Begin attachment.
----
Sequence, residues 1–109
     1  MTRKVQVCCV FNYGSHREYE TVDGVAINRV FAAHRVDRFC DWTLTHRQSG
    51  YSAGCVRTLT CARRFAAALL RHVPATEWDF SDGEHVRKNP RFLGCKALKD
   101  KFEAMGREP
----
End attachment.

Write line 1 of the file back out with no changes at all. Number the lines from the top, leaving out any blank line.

Sequence, residues 1–109